One major thing I’ve noticed about being in chronic pain, especially as it started to get worse, was how quickly I lost myself. From what I’ve read, I’m not alone in this feeling, and to be honest, it probably isn’t that surprising. To go from being an able-bodied adult, who loves to be active and adventurous, to suddenly not being able to do all the things you like is difficult, to say the least. That self-love, and self-reliance all adults are supposed to have (though many, including those who are well, don’t necessarily have them) became harder and harder to have. Instead, dependence on relationship (romantic and non-romantic) and a bit of self-hatred (the thinking that I must suck, since my body does) overflows the brain. There are tons of posts I could do (and probably will at some point) on self-love, self-care, self-awareness, etc, in regards to dealing with chronic pain, but the one I want to start with is simple: how to retrain your brain back to its old way of thinking, or perhaps, for some, this is just developing a new way of thinking altogether.
Image from: http://rebloggy.com/dinosaur%20doodle%20self-care/search/bestmatch/page/2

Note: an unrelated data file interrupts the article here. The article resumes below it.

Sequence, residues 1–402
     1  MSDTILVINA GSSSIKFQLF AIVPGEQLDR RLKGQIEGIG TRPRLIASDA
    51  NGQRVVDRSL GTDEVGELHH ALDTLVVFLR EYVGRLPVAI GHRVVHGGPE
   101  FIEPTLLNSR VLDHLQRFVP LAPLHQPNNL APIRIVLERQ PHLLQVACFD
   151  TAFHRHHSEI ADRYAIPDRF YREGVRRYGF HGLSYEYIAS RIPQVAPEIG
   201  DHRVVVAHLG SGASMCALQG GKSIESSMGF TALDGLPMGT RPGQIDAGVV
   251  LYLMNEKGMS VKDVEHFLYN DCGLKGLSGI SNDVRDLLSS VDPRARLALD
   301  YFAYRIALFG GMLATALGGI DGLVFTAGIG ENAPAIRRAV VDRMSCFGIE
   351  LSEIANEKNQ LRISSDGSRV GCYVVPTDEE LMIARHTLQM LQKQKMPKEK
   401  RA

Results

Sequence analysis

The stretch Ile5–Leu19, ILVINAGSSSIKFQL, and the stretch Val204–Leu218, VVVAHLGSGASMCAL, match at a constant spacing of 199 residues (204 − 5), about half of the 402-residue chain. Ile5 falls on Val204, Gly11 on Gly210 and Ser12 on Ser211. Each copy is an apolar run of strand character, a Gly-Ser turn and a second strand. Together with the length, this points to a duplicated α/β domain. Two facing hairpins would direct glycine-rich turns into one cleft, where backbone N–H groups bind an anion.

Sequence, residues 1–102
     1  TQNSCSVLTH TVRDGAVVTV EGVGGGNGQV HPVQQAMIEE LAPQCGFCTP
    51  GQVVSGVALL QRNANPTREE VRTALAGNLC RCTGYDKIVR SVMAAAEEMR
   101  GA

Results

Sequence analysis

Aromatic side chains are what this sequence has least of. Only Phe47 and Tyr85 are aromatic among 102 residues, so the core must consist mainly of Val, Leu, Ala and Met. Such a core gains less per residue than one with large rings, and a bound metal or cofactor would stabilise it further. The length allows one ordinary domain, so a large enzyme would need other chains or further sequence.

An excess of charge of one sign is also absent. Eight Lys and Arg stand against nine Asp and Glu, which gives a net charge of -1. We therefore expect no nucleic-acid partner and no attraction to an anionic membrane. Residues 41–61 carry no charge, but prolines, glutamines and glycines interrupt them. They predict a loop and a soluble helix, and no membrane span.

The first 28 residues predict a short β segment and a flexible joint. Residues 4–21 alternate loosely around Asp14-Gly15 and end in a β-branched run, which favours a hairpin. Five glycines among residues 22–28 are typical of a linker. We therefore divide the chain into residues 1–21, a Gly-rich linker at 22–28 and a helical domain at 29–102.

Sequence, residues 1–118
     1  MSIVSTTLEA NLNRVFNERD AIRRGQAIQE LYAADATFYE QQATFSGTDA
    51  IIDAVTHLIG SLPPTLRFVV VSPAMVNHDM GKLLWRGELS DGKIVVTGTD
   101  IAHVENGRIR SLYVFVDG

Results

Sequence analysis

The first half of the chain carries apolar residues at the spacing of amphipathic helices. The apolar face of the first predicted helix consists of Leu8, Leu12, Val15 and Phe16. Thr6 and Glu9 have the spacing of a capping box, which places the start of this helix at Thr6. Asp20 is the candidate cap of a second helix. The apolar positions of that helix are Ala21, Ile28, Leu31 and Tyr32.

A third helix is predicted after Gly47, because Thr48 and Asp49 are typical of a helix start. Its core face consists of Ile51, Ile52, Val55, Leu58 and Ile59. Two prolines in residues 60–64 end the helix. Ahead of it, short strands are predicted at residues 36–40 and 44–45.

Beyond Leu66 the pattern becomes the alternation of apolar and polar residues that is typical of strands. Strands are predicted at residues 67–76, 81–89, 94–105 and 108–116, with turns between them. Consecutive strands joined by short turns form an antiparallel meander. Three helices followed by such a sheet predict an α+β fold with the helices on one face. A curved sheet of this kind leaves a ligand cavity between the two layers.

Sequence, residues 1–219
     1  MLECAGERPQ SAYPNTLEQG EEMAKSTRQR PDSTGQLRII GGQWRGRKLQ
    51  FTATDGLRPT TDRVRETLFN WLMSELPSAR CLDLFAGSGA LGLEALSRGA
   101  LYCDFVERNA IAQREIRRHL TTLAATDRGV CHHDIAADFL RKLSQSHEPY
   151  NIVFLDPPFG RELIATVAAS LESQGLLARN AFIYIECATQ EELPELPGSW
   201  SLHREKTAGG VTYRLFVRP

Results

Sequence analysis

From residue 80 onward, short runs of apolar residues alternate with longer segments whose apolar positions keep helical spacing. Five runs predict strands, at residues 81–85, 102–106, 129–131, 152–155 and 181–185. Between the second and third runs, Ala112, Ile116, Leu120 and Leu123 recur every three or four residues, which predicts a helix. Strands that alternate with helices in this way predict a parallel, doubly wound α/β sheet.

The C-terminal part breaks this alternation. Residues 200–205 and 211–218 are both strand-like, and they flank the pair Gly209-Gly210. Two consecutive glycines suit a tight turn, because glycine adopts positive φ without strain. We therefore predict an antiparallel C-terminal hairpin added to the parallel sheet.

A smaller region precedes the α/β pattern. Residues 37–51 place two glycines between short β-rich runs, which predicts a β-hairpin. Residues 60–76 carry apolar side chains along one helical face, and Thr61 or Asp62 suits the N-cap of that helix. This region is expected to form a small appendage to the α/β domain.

I get it, affirmations can seem lame, and to be totally honest, they kind of are. I could sit here all day and tell myself I’m beautiful, I’m smart, I’m kind, I can get through anything, but it’s not going to change how I feel about anything. That is, unless I start to believe it. Saying the affirmation is the first step, truly believing what you’ve said is the second, and much more difficult step. This becomes even harder, when in addition to chronic pain (or rather, a coexisting symptom of chronic pain) is anxiety and/or depression. Talking to a therapist or psychiatrist is also a good idea if you’re experiencing these types of emotions. I do, and it helps deal with the underlying issues that causes these feeling to come up, even if the issue is just, “I’m in pain all the time!” Belief that saying affirmations will help is important. My therapist also has suggested using affirmations. No one is saying that you have to say them to yourself everyday, though as I quickly found out, if you start saying them regularly, even once a day, they will become part of your mind’s daily mantra without even trying.
The extent of my painting talents.
There are so many you can use, and my suggestion is to pick ones that you relate to. I tried out a bunch, and even use an app called Pacifica, which has affirmations as part of it’s “relaxation” and mindfulness section. I came up with the above three myself, and even painted them on a dollar store canvas, and put it in my room. Every time I think the pain is too much, or I’m having anxiety, I try to remember these, and to say them to myself. I am (strong). I can (get through this). I will (live a successful and fulfilling life). Affirmations are not going to cure any pain, emotional or physical, but they can be a great part of a much larger healing plan. Just be open to a mindfulness journey on your chronic pain path. It could be more helpful than you’d think.